Tell your Representative that you support protecting the Giant Sequoia National Monument by transferring its management to the National Park Service.

The GSNM was set aside by President Clinton in 2000 for the purpose of ending logging and road building within its boundaries. In the decade that followed, it has seen continued destruction despite the intention of the proclamation. Numerous members of Congress have pressured the Forest Service to end this mismanagement and federal courts have ruled the Forest Service’s logging plan to be in violation of the Monument proclamation. Yet the Forest Service intends to move forward with its controversial logging plan.

The President can permanently protect this diverse endangered species habitat by transferring it to the National Park Service. Please ask your Representative to co-sign Representative Sam Farr’s letter to President Obama today.

Thank you for everything you do for wildlife and wild places.

Article courtesy of

Image courtesy of

“Brazil enviro What’s the beef ?”

Brazil issues $1.2 bln in fines on beef companies
Brazilian authorities announced Thursday they are seeking $1.2 billion in fines against 14 companies accused of buying beef from farms exploiting illegally deforested areas or slave labor in the Amazon.

Federal prosecutor Anselmo Henrique Cordeiro Lopes told AFP that he gathered evidence for more than a year and tried unsuccessfully to get companies to sign a deal banning the practices.

Among the accused was JBS Friboi, the world’s largest beef exporter, which told AFP that the complaint was “a surprise” because it was in advanced stages of negotiations with prosecutors on an agreement.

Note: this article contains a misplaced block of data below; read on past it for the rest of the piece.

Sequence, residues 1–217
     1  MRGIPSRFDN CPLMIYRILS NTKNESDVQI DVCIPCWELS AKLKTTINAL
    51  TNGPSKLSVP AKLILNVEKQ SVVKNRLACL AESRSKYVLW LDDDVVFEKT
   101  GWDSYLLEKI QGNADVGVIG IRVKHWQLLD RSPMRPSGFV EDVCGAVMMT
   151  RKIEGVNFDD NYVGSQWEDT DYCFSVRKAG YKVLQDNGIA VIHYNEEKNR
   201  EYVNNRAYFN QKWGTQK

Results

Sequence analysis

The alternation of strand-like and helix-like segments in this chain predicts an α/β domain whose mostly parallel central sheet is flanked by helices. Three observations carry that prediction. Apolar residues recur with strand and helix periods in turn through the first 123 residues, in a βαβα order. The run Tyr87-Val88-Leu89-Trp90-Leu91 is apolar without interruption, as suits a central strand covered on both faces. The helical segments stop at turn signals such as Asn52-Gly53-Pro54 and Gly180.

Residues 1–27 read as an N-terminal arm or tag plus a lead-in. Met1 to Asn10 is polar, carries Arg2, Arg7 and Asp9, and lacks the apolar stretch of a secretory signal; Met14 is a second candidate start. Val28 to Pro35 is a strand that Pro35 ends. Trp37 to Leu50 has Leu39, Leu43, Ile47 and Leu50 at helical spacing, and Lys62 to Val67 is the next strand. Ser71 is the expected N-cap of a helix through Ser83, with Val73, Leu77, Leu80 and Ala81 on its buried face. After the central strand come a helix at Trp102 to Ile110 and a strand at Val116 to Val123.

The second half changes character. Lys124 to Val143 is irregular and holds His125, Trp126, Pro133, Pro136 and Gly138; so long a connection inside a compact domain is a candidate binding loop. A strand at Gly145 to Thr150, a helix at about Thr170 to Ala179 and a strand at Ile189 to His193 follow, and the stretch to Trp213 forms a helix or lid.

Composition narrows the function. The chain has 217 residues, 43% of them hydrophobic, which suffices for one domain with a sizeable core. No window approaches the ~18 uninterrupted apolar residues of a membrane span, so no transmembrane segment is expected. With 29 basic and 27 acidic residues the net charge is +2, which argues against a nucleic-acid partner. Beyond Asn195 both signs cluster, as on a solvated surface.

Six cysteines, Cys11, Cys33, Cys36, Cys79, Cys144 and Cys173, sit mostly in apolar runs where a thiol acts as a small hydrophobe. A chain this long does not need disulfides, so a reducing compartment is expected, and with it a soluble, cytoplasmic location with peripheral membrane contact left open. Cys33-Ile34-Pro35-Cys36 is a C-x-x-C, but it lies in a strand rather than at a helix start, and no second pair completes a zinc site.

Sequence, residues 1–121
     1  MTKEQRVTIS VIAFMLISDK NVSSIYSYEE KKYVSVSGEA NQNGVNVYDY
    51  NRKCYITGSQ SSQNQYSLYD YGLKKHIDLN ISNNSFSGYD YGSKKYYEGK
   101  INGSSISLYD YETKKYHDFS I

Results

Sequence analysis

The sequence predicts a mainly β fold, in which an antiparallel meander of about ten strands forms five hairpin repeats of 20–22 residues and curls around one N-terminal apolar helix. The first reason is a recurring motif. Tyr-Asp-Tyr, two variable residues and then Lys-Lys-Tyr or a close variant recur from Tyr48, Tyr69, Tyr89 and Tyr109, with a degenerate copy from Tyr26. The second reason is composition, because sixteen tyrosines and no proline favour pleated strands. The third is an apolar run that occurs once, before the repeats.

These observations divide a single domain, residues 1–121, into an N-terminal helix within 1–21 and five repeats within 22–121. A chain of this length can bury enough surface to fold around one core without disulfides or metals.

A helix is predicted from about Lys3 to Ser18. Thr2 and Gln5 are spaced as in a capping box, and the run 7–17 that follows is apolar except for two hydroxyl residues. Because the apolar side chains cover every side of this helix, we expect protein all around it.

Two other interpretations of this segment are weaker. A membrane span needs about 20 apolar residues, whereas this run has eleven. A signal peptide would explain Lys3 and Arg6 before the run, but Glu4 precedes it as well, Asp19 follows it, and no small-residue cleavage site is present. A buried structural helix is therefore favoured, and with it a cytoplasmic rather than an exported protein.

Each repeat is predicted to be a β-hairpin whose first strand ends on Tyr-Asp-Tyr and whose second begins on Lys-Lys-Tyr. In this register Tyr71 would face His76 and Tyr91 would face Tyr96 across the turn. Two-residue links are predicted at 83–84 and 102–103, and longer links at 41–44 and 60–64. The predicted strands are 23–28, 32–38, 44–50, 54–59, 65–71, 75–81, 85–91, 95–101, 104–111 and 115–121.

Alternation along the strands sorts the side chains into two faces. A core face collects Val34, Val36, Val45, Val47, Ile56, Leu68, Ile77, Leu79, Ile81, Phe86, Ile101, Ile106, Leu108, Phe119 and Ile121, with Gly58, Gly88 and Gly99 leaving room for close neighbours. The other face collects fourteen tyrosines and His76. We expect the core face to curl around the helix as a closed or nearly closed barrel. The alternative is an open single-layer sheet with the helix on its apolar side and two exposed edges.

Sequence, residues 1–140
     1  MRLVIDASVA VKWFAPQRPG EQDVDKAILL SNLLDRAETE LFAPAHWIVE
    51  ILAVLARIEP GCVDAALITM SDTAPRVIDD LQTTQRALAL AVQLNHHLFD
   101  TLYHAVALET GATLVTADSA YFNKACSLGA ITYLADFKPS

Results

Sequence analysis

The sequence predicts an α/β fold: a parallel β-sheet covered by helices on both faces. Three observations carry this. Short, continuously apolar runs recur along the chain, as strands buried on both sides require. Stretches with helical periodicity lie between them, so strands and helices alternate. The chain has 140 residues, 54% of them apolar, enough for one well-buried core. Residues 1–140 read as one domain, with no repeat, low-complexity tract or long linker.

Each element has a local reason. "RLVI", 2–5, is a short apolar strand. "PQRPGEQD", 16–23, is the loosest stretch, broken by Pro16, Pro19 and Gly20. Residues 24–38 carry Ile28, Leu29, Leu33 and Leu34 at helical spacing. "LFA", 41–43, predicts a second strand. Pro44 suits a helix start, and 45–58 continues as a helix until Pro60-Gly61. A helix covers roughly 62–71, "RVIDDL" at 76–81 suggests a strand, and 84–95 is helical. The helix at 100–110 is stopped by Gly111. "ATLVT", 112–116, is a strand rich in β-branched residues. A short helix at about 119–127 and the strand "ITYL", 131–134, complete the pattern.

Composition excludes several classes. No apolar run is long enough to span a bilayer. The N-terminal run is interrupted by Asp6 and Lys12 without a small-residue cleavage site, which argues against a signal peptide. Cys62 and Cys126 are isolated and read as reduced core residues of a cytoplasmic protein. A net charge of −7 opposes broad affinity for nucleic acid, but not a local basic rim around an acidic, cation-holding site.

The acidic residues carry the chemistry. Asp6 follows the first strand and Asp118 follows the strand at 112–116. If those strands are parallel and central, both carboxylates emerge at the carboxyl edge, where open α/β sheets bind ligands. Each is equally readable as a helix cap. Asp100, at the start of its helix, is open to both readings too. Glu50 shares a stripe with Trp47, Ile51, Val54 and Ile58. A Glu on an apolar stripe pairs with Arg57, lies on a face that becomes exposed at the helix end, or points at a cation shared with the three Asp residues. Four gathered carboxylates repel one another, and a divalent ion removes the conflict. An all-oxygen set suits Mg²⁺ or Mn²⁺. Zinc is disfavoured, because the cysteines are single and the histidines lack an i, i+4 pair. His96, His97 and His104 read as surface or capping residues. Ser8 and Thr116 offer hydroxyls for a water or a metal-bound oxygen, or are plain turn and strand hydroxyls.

The farms are located in the Amazon state of Acre. Brazil is one of the world’s largest beef producers, but it is estimated that that livestock has caused 80 percent of deforestation in the Amazon in recent years.

The complaint also named Brazil’s Institute for the Environment, which was accused of failing to supervise the companies.

Prosecutors are seeking $625 million in fines and the same amount in compensation for environmental damage, according to Cordeiro Lopes.

JBS Friboi and three other large meat producers had signed a pledge in 2009 banning the purchase of cattle from certain deforested areas in Amazonian states.

It’s not the first time prosecutors have cracked down in illegal farming practices.

In 2010, Brazil fined Lima Araujo Agropecuaria $2.9 million for keeping 180 of its workers in slavery on two of its properties.

Among the 180 enslaved workers freed from the two ranches in the northern state of Para were nine adolescents and a child of 14 years, officials had said.

Article courtesy of

“When the snows melt”

File image courtesy AFP.